Gallery Row, downtown Los Angeles
104 E. 4th St. between Main and Los Angeles Streets.

104 East Fourth Street
Los Angeles, CA 90013
http://www.lacda.com


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Annual Holiday Printmaking Sale and 4th International Juried Print Exhibition
New, current and former members of New Grounds Print Workshop & Gallery offer a variety of original works on paper at excellent prices. 

Fridays and Saturdays from 10 AM- 6 PM, beginning Nov. 21, running through December 31.

Official opening reception is December 1, 2016. 6-8 pm.
I will be giving a public talk on the international print exhibition (I was this year’s juror for the international exhibition) on Dec. 1, at 6:30 pm.

Where:
New Grounds Print Workshop & Gallery
3812 Central Ave SE
Albuquerque, NM 87108


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Stirring: A Literary Showcase

“Moments Before,” 2016. Featured in Stirring: A Literary Showcase‘s December edition cover. Archive pending.


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The Hand Magazine – Issue #14 (December)

Featured several pieces from Poppy Transitory, including “Momentary Monuments,” 2016.

http://www.thehandmagazine.space/?page_id=2179

Also featured an article /exhibition catalog for the Pressient Exhibition by Trish Meyer. Trish interviewed me, and other artists in the exhibition.

Pressient – Cotemporary Abstract Printmaking Exhibition

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Selected works from my Poppy Transitory series are featured in Pressient – Contemporary Abstract Printmaking, an August exhibition at The Weyrich Gallery. Curated by Trish Meyer, the show offers a selection of contemporary printmakers and their works on paper.

Fore more information on the exhibition, and to download the exhibition catalog, please visit my portfolio.

Pressient_Postcard_proof2_2016-06-16-2

 

Foothill Freeway

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Emergency! Season 2, Episode 12 (1972). Captured as part of The Cascade – Moments in the Televisual Desert. Image depicts a Foothill Freeway bridge, running East-West, with the Los Angeles County Cascades in the distance. 

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A recent Google Street View image (and screen cap) showing the same location

Part of my ongoing Cascade work is related to the complex, cross-pollination (and conflation) of media and site, television and memory, location and dislocation. Of particular interest is the strange, media-cum-reality Google Street View database, which houses an ongoing, organic and constantly shifting dataspace that maps the movement of humans and development across much of the planet.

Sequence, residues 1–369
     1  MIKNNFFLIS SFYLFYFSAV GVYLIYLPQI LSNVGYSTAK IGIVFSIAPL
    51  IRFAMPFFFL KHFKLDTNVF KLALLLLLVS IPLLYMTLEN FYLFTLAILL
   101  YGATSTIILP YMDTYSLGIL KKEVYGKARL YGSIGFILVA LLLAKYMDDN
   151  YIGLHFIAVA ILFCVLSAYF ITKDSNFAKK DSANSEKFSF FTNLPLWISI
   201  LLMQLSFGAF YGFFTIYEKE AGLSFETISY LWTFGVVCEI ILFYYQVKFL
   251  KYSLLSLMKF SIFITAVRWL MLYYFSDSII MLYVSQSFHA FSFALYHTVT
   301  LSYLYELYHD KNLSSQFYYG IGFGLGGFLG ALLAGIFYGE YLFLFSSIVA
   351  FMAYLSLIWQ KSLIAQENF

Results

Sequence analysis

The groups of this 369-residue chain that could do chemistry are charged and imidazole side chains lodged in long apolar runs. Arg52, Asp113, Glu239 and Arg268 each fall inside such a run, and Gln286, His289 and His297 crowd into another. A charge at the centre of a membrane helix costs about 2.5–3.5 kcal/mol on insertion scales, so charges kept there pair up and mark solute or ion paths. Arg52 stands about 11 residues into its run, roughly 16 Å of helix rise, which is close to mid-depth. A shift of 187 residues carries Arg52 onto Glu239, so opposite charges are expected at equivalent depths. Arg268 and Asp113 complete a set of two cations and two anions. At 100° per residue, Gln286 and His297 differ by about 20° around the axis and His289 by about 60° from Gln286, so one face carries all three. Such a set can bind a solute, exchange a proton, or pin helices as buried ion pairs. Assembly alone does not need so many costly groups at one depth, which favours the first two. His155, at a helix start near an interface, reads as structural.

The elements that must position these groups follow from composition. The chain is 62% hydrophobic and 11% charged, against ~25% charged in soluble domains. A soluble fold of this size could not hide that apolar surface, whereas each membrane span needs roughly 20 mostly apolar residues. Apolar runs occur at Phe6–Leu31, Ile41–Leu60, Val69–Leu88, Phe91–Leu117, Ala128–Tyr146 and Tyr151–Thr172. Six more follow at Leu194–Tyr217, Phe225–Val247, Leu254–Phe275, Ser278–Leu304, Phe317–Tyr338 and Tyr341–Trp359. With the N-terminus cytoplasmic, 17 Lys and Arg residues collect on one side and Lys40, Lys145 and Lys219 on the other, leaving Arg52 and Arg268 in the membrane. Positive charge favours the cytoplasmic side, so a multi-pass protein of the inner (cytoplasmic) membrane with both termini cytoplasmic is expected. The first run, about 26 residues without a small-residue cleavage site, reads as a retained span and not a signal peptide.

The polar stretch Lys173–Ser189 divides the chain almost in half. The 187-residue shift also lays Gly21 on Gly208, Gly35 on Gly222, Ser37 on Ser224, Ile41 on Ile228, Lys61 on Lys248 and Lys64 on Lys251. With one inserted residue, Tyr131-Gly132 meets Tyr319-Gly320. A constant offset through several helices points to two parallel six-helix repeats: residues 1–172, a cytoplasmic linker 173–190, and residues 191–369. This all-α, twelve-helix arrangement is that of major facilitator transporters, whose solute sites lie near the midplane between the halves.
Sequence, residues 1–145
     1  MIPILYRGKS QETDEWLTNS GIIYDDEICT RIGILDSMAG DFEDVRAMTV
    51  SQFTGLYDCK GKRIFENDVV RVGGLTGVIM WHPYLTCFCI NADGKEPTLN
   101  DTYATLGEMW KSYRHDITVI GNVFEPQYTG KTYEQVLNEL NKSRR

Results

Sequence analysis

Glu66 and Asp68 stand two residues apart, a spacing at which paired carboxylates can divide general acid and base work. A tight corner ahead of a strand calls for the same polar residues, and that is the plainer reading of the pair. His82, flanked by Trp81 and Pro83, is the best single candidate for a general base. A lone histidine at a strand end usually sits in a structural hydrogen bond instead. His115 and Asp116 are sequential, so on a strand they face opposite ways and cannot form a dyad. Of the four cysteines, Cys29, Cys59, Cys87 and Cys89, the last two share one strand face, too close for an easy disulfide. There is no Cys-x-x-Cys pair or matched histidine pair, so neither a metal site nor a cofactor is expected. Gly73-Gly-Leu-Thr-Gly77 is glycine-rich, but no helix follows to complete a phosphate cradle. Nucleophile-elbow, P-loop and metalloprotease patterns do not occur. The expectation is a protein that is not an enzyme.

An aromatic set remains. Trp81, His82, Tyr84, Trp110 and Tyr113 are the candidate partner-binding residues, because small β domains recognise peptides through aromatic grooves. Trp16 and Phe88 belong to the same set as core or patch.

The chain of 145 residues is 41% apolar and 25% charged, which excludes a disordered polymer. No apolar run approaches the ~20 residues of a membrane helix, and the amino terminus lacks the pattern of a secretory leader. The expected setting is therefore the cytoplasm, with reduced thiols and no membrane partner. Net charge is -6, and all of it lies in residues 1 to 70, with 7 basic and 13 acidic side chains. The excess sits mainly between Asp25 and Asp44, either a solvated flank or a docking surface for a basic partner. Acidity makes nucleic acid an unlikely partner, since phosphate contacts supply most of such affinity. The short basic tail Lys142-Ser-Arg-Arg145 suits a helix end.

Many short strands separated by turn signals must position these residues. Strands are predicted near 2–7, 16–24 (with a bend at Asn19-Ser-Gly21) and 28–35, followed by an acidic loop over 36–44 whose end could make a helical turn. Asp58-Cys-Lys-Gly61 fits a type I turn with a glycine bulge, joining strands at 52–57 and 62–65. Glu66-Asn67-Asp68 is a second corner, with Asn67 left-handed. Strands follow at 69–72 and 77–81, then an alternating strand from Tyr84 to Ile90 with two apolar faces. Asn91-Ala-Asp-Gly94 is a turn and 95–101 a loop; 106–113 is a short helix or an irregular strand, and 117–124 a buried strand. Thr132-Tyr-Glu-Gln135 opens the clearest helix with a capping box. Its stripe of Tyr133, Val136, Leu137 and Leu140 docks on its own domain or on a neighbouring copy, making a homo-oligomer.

In my thesis, I expanded on a suggestion made by my mentor at the time, Kevin McCoy: many older television programs act as early forms of Google Street View themselves–an idea well represented in series like Emergency!, Adam-12, CHiPS, Knight Rider, Starsky & Hutch and The A-Team (to name a few).  These programs not only provide a rolling, documentary undercurrent, they also reinvent the candid spaces they intentionally and inadvertently capture when environmental footage becomes B-roll which haunts televisual structure like a ghost. Repetition and loops become part of the conceptual language of programming and of our parceled viewing experience.

As I take the Cascade in new directions, building videos, playing with new levels of digital imaging and paintings, I am revisiting the relationship between program footage and entries into the Google database–reflecting on the distance (or lack of distance) between forms of landscape documentation, invention and reinvention through various methods of capture. I am using more Google Street Views (literally and conceptually) in the implementation of new work.

Here are a few more Google Street Views of the same area represented by the above screen cap, from The Cascade:

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The last GSV (above) is shot past the overpass (where the emergency vehicles are parked in the television capture), heading up Highway 14.

Desert (Loss) Studio Shots

Here are a few shots of the pieces for Desert (Loss) at various stages of layering, on their way to completion in September and October.